Obama’s State of the Union: What he should have said about Asia’s rise but didn’t
In his State of the Union address this week, it’s understandable that U.S. President Barack Obama mostly focused on issues at home while spending relatively less time speaking about foreign affairs.
But in doing so, he missed an opportunity to underscore the value of strengthened trade relations with Asia for U.S. viewers, as well as those watching from overseas. His 70-minute speech said little of America’s relationship with one of the world’s most dynamic regions, and why Asia matters to the U.S.
As the U.S. negotiates a comprehensive trade agreement with 11 Asian-Pacific nations, his comments on that topic were brief. The president called for “both parties [of Congress] to give me trade promotion authority to protect American workers, with strong new trade deals from Asia to Europe that aren’t just free, but fair.” And then, quickly moved on, doing little to convince skeptics of his commitment to the work it will take to move such trade deals forward. The president was equally brief about rising tension in the South China Sea.
What Obama should have reminded viewers is how closely linked the U.S. economy is to Asia, as illustrated in the latest data from the East-West Center.
· 28% of U.S. goods and 27% of U.S. services exports go to Asia;
· 32% of U.S. jobs from exports depend on exports to Asia;
· 64% of international students in the United States are from Asia – contributing $14 billion to the U.S. economy;
· 8.5 million visitors from Asia contribute $41 billion to the US economy; and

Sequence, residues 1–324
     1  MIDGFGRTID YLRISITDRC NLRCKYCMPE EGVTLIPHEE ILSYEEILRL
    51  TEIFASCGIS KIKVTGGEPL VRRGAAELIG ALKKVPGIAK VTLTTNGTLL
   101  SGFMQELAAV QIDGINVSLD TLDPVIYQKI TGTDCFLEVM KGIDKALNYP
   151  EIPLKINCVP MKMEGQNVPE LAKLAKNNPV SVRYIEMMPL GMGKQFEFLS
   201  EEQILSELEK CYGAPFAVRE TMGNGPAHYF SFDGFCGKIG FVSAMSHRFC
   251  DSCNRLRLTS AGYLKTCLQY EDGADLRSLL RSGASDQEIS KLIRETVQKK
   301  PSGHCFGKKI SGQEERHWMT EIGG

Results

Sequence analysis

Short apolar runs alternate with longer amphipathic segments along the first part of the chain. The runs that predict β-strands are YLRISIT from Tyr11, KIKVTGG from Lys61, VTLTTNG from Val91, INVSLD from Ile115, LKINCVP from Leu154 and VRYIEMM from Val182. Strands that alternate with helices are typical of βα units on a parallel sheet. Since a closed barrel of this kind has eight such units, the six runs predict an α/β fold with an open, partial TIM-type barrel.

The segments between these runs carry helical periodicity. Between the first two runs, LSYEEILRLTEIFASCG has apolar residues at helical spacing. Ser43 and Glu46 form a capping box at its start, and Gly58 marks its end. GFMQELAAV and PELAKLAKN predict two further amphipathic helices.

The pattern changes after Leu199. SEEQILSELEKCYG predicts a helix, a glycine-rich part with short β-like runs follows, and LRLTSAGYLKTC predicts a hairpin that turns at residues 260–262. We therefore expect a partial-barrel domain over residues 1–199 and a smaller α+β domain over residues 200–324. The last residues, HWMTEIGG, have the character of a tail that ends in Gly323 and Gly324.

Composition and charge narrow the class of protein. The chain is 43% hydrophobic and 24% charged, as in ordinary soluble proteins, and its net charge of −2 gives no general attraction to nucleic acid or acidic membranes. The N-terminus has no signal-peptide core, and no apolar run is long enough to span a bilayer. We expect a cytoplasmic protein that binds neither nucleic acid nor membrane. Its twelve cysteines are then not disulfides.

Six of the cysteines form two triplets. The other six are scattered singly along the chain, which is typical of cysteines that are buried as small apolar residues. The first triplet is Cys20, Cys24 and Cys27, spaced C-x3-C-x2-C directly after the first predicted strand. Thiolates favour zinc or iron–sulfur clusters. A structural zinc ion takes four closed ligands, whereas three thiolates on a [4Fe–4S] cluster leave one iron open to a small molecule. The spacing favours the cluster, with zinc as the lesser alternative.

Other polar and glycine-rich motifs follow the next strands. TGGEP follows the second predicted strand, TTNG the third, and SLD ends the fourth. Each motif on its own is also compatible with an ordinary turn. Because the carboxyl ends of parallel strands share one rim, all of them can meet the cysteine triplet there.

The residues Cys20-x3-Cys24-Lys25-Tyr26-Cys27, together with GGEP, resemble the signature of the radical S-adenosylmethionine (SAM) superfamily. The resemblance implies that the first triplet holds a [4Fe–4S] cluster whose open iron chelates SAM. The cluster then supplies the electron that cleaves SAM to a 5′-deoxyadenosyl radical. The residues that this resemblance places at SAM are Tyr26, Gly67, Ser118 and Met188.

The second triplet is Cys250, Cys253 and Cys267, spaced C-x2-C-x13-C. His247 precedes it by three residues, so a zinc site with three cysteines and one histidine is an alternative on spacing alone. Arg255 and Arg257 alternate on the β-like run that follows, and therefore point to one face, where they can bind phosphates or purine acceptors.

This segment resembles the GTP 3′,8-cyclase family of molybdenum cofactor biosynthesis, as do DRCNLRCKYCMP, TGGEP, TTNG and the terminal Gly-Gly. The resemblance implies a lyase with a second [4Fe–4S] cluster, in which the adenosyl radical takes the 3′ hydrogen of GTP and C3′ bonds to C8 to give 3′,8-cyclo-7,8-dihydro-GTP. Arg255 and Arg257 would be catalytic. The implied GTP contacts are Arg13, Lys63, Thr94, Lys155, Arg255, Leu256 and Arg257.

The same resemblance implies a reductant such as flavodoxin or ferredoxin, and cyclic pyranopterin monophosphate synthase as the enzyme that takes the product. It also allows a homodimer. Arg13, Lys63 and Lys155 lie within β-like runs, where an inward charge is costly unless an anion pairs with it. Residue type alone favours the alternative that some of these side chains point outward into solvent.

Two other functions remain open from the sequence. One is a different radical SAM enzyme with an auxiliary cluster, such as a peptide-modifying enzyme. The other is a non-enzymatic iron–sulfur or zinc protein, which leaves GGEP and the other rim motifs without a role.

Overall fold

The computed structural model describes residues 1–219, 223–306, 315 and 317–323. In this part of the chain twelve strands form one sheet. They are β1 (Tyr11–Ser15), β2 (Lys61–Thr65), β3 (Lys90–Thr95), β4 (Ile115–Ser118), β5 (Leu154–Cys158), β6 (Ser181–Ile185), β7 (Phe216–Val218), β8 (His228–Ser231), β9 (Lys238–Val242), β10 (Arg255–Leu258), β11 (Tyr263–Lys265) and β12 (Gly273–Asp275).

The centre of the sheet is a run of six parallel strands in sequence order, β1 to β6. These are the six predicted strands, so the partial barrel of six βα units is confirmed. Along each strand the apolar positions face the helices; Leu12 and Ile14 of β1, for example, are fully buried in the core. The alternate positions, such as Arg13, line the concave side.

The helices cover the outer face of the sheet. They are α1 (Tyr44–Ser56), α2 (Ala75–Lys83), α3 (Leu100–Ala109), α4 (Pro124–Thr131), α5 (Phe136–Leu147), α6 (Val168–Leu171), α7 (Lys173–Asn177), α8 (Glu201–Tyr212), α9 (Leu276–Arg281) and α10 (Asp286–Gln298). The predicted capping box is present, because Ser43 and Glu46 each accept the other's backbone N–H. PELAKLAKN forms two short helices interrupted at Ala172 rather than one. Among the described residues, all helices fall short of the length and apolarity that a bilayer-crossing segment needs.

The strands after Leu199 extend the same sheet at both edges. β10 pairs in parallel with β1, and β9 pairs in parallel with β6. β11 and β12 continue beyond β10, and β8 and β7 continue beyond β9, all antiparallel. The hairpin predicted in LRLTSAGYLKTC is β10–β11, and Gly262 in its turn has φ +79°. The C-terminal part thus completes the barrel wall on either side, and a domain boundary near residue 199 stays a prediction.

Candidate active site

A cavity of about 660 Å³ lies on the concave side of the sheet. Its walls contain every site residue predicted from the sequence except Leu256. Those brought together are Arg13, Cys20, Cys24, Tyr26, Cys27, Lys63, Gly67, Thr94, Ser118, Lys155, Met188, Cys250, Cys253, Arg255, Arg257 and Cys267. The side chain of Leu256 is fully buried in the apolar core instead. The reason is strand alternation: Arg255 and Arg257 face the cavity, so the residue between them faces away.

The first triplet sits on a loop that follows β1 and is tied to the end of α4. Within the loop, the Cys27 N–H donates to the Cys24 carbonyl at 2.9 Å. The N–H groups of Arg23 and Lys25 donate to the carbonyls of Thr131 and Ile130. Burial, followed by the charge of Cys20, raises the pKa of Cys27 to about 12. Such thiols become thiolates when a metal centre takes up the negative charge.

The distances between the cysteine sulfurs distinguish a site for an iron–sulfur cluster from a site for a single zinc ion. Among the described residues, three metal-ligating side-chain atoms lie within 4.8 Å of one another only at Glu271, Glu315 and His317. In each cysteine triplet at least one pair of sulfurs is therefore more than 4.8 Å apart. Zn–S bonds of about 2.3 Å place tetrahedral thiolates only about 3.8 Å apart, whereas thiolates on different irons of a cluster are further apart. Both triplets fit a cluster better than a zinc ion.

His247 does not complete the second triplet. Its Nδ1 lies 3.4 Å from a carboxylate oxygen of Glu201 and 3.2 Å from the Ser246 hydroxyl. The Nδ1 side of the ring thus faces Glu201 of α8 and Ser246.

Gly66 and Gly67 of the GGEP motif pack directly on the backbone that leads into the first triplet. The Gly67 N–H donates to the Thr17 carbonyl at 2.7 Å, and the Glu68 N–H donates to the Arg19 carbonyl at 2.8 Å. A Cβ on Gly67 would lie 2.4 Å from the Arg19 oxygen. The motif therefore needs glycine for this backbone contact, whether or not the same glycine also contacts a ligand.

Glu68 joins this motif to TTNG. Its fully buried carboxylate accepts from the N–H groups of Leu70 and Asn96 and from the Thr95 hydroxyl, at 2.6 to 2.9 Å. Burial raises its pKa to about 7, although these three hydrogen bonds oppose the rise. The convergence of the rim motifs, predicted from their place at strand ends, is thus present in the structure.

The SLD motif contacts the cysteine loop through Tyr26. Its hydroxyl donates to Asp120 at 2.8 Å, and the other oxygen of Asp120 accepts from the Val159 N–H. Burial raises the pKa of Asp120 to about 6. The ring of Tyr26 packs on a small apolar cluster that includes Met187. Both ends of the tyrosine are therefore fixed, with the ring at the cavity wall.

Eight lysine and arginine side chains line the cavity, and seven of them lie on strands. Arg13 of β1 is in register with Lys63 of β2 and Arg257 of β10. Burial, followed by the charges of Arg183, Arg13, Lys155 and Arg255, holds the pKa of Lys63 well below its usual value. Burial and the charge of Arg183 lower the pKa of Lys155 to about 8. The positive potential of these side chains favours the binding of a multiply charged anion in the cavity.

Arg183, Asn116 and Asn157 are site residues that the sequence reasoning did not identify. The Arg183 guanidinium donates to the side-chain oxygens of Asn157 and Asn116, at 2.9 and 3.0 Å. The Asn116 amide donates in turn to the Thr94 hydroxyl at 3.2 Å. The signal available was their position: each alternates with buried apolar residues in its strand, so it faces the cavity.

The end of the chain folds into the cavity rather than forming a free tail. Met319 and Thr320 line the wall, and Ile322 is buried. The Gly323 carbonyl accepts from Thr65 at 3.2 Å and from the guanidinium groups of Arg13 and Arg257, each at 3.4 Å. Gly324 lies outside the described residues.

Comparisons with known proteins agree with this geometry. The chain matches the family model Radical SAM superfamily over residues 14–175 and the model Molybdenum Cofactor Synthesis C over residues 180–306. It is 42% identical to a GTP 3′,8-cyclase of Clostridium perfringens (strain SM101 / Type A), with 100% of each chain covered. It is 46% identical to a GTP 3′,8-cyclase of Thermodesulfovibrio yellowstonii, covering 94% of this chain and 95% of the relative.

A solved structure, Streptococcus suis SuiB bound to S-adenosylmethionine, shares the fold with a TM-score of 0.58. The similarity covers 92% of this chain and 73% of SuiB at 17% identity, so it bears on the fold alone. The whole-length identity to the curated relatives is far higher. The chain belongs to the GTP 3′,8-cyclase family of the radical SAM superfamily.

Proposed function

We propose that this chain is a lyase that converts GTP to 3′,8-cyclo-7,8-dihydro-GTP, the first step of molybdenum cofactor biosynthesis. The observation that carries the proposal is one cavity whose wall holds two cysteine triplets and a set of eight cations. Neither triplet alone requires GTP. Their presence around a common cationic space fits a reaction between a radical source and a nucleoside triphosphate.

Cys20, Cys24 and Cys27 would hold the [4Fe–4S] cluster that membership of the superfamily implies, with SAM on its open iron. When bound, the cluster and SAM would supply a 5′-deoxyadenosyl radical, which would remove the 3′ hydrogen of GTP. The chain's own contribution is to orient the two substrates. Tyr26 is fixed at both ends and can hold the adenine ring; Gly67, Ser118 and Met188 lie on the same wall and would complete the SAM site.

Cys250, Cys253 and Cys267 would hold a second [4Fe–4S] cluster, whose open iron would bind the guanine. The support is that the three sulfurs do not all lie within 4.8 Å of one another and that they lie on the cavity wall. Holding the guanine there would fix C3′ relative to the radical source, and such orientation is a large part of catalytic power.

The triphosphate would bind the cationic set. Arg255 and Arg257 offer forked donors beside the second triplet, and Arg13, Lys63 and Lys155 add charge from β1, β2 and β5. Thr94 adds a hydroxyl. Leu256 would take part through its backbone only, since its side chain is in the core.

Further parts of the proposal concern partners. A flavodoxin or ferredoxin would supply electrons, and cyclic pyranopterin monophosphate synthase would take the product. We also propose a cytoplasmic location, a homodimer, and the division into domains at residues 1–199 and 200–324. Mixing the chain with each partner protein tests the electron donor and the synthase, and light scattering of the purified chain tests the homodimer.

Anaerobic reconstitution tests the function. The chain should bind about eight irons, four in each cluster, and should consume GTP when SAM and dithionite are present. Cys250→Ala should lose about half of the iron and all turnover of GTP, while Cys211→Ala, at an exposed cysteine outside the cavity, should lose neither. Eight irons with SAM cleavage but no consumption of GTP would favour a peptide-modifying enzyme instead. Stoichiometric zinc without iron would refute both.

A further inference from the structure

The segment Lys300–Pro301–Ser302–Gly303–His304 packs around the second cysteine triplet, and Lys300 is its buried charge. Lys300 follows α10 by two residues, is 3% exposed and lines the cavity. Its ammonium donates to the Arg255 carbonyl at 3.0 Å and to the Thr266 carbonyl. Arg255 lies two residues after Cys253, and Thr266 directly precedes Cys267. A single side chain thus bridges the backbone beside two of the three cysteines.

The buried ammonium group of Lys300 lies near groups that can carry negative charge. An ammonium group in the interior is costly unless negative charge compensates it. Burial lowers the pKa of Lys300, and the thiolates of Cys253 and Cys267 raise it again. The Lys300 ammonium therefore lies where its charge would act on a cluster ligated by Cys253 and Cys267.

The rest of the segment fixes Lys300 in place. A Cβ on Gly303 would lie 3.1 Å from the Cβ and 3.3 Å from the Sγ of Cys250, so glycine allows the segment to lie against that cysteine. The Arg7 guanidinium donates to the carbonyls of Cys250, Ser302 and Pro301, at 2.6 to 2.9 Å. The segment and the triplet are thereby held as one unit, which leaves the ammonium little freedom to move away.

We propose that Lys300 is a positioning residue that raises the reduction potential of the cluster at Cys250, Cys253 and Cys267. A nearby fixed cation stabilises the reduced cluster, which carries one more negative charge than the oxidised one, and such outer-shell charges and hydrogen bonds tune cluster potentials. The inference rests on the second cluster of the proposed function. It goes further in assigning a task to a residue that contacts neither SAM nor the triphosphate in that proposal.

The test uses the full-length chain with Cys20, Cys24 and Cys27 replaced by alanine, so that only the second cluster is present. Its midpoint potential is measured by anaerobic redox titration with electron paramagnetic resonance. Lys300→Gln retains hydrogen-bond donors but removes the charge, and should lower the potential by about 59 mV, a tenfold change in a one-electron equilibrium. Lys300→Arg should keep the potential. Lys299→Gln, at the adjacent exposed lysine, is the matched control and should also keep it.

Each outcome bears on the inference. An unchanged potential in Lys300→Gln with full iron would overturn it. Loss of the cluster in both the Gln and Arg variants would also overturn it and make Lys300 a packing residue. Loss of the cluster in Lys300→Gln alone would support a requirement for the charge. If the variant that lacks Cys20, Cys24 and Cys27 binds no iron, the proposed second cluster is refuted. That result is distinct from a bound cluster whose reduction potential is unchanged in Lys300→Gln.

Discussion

· 39 states send at least a quarter of their exports to Asia.
What’s more, America’s security and prosperity are closely and increasingly linked to Asia and the Pacific. The region is home not just to China, but also to two of the world’s largest democracies, India and Indonesia, as well as several nations, including Japan, the Philippines and South Korea, that the United States is bound by treaty to defend.
Critically, Asia also provides growing opportunities for U.S. trade, investment and entrepreneurship — a point that U.S. Secretary of State John Kerry underscored at a speech at the East West Center in Honolulu in August 2014.
To be sure, Obama will soon have another chance to communicate this message to both U.S. and Asian audiences, during an upcoming three-day visit to and summit in India. The critical point: we know America matters to Asia, but Asia also matters to America.
Curtis S. Chin is managing director of advisory firm RiverPeak Group, LLC., and a former U.S. ambassador to the Asian Development Bank.